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  1. Djuna Barnes (/ ˈ dʒ uː n ɑː /, June 12, 1892 – June 18, 1982) was an American artist, illustrator, journalist, and writer who is perhaps best known for her novel Nightwood (1936), a cult classic of lesbian fiction and an important work of modernist literature.

    Djuna Barnes - Wikipedia

    https://en.wikipedia.org/wiki/Djuna_Barnes
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  4. Djuna Barnes - Wikipedia

    en.wikipedia.org/wiki/Djuna_Barnes

    Djuna Barnes (/ ˈ dʒ uː n ɑː /, June 12, 1892 – June 18, 1982) was an American artist, illustrator, journalist, and writer who is perhaps best known for her novel Nightwood (1936), a cult classic of lesbian fiction and an important work of modernist literature.

    • Hide/Seek: Portraits of Djuna Barnes and Janet Flanner - National Portrait Gallery
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    • Djuna Barnes
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    • Nightwood by Djuna Barnes
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    • Nightwood by Djuna Barnes. Chapter 1 "Bow Down"
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  5. Djuna Barnes | American author | Britannica

    www.britannica.com/biography/Djuna-Barnes

    Djuna Barnes, (born June 12, 1892, Cornwall-on-Hudson, New York, U.S.—died June 18?, 1982, New York, New York), avant-garde American writer who was a well-known figure in the Parisian literary scene of the 1920s and ’30s. Initially educated privately by her father and grandmother, Barnes attended the Pratt Institute and the Art Students League and worked as an artist and journalist.

  6. Biography of Djuna Barnes, American Artist and Author - ThoughtCo

    www.thoughtco.com/biography-of-djuna-barnes-4773482

    Djuna Barnes was an American artist, writer, journalist, and illustrator. Her most notable literary work is the novel Nightwood (1936), a seminal piece of modernist literature and one of the most eminent examples of lesbian fiction. Fast Facts: Djuna Barnes

  7. Djuna Barnes was born in Cornwall-on-Hudson, New York on June 12, 1892. She was an American novelist, poet, playwright, journalist, and visual artist, as well as an important figure in the Modernist movement.

  8. Djuna Barnes: the 'lesbian' writer who rejected lesbianism

    theconversation.com/djuna-barnes-the-lesbian...

    The Djuna Barnes of legend is the glamorous figure cutting a dash in cape and cloche among the bohemian expatriates of 1920s Paris. The elderly Barnes, transplanted from this liberal Left Bank...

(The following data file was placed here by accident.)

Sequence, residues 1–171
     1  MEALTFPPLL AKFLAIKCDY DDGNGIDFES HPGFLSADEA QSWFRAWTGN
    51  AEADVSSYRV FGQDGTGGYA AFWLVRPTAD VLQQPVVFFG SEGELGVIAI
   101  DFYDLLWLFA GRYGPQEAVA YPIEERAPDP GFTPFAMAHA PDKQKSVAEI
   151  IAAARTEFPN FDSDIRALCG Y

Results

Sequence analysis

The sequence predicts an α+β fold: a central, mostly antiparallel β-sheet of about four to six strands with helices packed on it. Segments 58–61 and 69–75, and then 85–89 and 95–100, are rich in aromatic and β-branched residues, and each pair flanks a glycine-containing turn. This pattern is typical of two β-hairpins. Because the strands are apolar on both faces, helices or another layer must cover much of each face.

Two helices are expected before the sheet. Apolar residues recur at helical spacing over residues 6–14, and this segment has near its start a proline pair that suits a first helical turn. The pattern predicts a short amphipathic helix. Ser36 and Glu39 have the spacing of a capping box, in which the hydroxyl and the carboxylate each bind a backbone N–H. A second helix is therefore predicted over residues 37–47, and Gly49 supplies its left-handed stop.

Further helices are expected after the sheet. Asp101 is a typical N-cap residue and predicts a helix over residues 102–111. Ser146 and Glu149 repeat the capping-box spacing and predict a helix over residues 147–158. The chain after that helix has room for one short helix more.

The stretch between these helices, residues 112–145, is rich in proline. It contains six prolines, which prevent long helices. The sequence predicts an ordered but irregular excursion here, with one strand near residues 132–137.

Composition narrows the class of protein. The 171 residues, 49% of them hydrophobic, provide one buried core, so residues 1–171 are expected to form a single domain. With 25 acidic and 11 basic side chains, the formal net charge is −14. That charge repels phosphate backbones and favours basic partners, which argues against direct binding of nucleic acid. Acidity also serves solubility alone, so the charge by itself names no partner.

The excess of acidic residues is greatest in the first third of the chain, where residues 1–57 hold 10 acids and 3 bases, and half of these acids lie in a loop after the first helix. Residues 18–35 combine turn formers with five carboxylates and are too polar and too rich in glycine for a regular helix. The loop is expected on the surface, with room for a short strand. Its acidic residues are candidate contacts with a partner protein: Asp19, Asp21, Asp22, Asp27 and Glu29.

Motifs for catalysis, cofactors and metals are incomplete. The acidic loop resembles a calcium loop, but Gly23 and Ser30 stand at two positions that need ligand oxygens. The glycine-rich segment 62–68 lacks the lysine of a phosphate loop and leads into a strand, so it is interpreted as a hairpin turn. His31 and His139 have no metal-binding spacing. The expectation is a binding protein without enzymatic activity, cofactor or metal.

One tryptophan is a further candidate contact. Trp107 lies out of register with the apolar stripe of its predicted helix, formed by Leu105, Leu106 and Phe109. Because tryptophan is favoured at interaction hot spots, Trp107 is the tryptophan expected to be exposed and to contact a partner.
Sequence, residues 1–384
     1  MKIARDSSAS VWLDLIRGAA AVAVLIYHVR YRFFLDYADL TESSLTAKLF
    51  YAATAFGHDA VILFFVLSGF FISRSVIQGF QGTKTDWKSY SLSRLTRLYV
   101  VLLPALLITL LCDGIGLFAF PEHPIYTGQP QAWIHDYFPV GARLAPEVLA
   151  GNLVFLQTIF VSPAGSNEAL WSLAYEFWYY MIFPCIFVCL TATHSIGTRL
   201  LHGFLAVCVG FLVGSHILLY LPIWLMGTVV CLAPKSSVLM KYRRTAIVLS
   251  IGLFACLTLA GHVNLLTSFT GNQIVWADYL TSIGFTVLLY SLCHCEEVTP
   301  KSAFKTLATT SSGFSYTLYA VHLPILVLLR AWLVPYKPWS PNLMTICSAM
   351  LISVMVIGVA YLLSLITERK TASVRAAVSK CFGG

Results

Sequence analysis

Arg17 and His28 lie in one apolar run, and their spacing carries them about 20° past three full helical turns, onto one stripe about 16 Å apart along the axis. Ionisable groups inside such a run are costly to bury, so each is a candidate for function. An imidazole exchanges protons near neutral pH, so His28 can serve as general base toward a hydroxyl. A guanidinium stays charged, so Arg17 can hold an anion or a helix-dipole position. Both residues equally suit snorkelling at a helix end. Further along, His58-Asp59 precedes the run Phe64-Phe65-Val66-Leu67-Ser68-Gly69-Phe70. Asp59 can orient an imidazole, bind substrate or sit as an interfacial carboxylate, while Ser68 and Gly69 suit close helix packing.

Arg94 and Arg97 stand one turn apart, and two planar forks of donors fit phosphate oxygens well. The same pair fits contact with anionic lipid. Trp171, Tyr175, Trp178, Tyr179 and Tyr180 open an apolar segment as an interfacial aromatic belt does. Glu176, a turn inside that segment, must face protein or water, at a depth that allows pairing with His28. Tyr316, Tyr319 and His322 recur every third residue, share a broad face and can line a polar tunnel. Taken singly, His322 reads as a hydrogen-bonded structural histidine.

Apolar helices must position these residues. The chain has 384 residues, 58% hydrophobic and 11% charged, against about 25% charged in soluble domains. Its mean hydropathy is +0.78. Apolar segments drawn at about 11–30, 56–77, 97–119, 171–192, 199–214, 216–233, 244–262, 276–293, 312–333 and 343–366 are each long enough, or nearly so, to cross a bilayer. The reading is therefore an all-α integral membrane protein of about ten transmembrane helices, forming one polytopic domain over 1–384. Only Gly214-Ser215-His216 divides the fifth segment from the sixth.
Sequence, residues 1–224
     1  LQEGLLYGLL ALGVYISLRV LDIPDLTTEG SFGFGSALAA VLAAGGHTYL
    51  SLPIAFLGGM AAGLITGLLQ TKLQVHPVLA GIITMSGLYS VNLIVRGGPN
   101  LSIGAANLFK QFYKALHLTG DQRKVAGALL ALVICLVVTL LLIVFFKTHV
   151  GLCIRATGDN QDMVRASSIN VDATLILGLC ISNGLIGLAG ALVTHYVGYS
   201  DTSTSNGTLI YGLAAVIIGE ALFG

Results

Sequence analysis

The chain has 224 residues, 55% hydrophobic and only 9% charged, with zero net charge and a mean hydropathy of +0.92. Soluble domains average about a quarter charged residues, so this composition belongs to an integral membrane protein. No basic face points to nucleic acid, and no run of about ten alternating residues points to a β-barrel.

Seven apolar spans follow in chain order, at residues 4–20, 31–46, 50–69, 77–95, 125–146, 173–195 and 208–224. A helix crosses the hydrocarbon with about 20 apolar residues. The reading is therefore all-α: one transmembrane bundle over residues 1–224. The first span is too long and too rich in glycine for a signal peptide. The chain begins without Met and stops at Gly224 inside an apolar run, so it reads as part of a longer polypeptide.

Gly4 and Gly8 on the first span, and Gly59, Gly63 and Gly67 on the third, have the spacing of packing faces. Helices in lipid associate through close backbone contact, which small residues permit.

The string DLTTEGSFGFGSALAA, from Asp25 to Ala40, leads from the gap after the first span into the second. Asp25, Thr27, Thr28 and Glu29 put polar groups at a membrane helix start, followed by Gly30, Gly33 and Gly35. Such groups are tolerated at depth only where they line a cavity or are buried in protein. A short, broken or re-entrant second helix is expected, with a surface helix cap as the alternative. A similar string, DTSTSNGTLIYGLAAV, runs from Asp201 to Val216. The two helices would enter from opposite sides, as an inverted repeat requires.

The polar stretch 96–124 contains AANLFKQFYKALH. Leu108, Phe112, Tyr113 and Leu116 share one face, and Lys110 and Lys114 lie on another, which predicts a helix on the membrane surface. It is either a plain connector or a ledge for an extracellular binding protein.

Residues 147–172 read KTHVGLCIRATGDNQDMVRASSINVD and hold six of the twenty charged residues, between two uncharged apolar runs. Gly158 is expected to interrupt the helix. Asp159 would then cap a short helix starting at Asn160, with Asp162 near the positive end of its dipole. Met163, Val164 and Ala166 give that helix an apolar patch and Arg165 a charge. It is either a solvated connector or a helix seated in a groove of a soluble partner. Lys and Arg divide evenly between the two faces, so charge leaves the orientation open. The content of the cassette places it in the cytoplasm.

9. Djuna Barnes - New World Encyclopedia

    www.newworldencyclopedia.org/entry/Djuna_Barnes

    Djuna Barnes (June 12, 1892 – June 18, 1982) was an American writer who played an important part in the development of twentieth century English language modernist writing by women and was one of the key figures in 1920s and 1930s bohemian Paris, after filling a similar role in the Greenwich Village of the 1910s.

  10. Embracing The Quirkiness Of Djuna Barnes : NPR

    www.npr.org/2012/06/16/154846844

    Djuna Barnes Papers, Special Collections, University of Maryland Libraries Before publishing the plays and novels she's now known for, women's rights advocate Djuna Barnes was a journalist and ...

  11. Djuna Barnes's writing is exhilarating – but steeped in the ...

    www.theguardian.com/.../22/djuna-barnes-nightwood

    Her characters occupy sleazy bars, “pissoirs” and “degraded” apartments where “abominations” lurk in swill pails. They are nocturnal, “full to the gorge with misery”, outcast and angry. Rage is...

  12. Djuna Barnes: “The Most Famous Unknown of the Century!”

    lithub.com/djuna-barnes-the-most-famous-unknown...

    Barnes, though one of the great modernist writers, never reached the heights of fame that her contemporaries T.S. Eliot, Virginia Woolf, and William Faulkner did, and she was never able to top the critical success of Nightwood, which sold poorly despite the praise-filled reviews. Following the publication of the novel in 1936, Barnes lost more than a decade to alcoholism, during which time she lived primarily off the kindness of her friend Guggenheim.

  13. Thelma Wood - Wikipedia

    en.wikipedia.org/wiki/Thelma_Wood

    Wood's relationship with Djuna Barnes lasted 8 years and was deemed the "great love" of each of their lives. From 1921 to 1929 their relationship was fueled by sex, alcohol, and marred by infidelities, jealousy, and violence. Barnes was known for her jealousy with her lovers; Wood was known to be promiscuous with many women.